"The goal of the framework agreement is to produce energy in a safe, reliable, sustainable way through innovative small-scale nuclear systems to be deployed outside of Italy (where no civil nuclear activity is permitted)," Newcleo said. "Specifically, it foresees the development of advanced nuclear systems of small dimensions (Advanced Modular Reactors), cooled with lead instead of water, making them much simpler and more reliable."
In collaboration with ENEA, Newcleo will build an electrical prototype of the lead-cooled fast reactor (LFR) system, which will not use radioactive materials or nuclear fuel, to allow the study of thermo-dynamic, mechanical and functional performances. The joint activities also concern the design of an Accelerator Driven System, which will make it possible to reduce the volume of existing nuclear waste.
Newcleo said it intends to construct the first nuclear prototype in a "nuclear-friendly" country within seven years, and subsequently market them internationally to gradually replace the current Generation II and III reactors.
Under the cooperation agreement, ENEA will make available to Newcleo its Brasimone Research Centre for safety analysis, training and testing activities. In addition, new research infrastructures will be implemented, favouring wherever possible the use and refurbishment of the existing experimental halls and laboratories. Investments by Newcleo towards all these could exceed EUR50 million (USD55 million) over a 10-year period. The company plans to employ a team of 25-30 engineers, who will work permanently for about 10 years at the Brasimone Centre.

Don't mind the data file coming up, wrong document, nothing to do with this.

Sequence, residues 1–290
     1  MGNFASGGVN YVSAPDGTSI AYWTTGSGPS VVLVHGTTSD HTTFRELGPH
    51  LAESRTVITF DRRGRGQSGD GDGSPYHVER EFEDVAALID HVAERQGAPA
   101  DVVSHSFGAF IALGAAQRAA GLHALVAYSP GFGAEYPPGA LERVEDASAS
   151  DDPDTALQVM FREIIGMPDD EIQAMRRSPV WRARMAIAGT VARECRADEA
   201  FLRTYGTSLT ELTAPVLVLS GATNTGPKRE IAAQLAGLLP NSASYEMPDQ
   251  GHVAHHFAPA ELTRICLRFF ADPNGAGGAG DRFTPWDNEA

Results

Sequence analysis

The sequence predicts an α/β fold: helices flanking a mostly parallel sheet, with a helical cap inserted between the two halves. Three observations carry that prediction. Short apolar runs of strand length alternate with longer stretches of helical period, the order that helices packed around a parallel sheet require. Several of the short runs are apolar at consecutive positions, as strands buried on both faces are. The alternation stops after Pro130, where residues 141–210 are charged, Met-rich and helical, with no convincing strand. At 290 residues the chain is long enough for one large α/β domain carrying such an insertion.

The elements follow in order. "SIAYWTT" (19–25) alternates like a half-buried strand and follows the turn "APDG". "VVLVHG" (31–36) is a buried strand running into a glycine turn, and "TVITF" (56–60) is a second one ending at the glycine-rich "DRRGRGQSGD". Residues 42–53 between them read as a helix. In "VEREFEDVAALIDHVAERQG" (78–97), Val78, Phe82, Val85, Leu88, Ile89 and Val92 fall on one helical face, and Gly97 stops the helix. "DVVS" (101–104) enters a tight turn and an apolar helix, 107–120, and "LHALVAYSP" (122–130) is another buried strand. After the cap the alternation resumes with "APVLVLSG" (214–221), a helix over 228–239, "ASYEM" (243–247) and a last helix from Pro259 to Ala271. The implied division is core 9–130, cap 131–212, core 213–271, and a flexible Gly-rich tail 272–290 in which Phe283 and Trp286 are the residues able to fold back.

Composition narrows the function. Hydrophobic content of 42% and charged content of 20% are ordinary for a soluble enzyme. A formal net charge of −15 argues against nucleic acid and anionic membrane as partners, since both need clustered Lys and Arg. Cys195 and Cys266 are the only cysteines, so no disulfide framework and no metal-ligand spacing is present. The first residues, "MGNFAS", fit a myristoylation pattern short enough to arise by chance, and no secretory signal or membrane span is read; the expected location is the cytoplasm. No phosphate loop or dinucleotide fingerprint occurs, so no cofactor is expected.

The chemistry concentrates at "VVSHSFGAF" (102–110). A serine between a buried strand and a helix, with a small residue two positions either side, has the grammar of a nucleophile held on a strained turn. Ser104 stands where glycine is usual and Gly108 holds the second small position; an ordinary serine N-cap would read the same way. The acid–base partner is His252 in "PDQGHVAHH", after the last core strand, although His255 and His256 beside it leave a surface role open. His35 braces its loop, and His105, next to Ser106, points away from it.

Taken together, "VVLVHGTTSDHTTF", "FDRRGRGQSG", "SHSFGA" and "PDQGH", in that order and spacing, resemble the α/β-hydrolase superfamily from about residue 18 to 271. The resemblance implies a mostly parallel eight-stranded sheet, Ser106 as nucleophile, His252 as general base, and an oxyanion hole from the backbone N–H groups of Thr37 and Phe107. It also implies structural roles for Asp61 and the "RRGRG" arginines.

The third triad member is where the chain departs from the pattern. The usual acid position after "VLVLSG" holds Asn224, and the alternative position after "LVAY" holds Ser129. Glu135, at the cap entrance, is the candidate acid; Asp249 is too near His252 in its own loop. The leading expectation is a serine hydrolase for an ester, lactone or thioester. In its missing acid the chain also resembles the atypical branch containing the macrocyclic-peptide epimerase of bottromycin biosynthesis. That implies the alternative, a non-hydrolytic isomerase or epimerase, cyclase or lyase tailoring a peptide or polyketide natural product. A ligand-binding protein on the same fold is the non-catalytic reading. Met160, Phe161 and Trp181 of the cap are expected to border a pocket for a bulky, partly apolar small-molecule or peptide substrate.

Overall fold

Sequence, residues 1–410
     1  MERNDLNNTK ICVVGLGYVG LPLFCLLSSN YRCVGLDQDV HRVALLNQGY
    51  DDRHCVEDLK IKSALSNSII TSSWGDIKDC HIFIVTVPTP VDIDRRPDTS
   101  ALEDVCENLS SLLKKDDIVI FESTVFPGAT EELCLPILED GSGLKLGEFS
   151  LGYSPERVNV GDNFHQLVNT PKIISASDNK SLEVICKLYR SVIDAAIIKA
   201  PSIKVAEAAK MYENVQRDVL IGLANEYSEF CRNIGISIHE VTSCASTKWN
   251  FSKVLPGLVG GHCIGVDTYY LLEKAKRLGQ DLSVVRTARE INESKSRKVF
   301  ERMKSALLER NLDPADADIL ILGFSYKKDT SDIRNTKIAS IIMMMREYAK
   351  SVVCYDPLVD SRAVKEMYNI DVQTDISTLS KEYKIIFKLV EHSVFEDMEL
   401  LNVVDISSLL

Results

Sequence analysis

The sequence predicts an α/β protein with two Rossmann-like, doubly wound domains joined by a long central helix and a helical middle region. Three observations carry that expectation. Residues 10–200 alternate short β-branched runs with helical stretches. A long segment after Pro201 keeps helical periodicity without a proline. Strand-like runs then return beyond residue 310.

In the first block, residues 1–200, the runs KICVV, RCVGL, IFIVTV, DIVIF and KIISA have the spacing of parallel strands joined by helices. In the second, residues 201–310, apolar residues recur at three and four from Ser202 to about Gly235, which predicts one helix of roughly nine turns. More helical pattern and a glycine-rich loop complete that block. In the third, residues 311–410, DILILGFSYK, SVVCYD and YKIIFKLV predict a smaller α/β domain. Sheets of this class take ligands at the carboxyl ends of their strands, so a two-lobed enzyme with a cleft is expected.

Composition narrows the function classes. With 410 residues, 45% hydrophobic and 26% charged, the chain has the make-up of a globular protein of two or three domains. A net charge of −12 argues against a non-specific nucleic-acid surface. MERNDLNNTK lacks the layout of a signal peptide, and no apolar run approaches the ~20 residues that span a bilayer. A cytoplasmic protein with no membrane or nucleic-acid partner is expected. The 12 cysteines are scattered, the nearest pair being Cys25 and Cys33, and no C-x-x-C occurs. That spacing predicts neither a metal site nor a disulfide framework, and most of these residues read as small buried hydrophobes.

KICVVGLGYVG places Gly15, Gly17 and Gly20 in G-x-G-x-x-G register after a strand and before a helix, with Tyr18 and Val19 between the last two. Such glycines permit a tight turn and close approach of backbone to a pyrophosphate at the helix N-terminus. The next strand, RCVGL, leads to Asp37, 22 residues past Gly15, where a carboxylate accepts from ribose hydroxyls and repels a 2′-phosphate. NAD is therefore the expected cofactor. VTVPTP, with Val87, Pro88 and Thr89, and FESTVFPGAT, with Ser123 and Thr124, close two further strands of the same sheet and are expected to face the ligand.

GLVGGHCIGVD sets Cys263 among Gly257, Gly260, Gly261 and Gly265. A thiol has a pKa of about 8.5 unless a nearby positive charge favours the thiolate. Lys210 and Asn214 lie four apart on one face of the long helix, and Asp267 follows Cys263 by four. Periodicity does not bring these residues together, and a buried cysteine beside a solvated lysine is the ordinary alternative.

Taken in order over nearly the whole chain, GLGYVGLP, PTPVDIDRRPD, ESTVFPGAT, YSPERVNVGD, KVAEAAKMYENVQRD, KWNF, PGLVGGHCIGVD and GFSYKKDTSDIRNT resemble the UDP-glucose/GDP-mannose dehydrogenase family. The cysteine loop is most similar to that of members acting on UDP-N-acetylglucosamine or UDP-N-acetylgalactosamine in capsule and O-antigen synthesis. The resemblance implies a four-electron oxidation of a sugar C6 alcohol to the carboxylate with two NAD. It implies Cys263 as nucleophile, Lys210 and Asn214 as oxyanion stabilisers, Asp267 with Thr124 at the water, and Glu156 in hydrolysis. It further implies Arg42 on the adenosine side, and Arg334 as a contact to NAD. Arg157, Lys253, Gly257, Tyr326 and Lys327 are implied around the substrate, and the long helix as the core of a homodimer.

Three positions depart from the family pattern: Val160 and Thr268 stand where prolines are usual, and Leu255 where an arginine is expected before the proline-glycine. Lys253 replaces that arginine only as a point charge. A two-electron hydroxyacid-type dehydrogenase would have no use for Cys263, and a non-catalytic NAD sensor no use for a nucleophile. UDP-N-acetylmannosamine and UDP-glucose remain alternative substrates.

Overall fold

A working group will be set up with ENEA and Newcleo personnel to exchange information and knowledge, and jointly develop equipment and technological codes. In addition to the close cooperation between scientific staff, the partnership includes the alignment of experimental programmes on innovative nuclear systems, mutual assistance in the design, numerical simulation and construction of key components, systems and plants.
"ENEA has accumulated a unique global know-how in the field of liquid lead," said Newcleo CEO Stefano Buono. "By working together with ENEA researchers and investing in the facilities at the Brasimone Centre, we will not only take important steps for the realisation of our project, but we will also contribute to the advancement of research in Italy."
"In the last 20 years, ENEA has carried out a wide range of research studies and experiments in this sector, where it has reached a leading position at an international level," said ENEA President Gilberto Dialuce. "This agreement allows us to collaborate with the goal of ensuring the safe and long-term production of electricity in plants to be built abroad, but with significant repercussions on investments and employment at our local level."
Newcleo on 31 August last year announced its incorporation with the closing of a USD118 million initial capital raising and the acquisition of Hydromine Nuclear Energy. It has already created a Nuclear Research Center based in Turin, Italy, where about 100 nuclear physicists and engineers will work and share know-how with leading international experts and scientists. The company says its first project, Re-Act, is a small LFR that "shall soon satisfy commercial demand for small electric generating units on islands, in remote communities and for naval propulsion."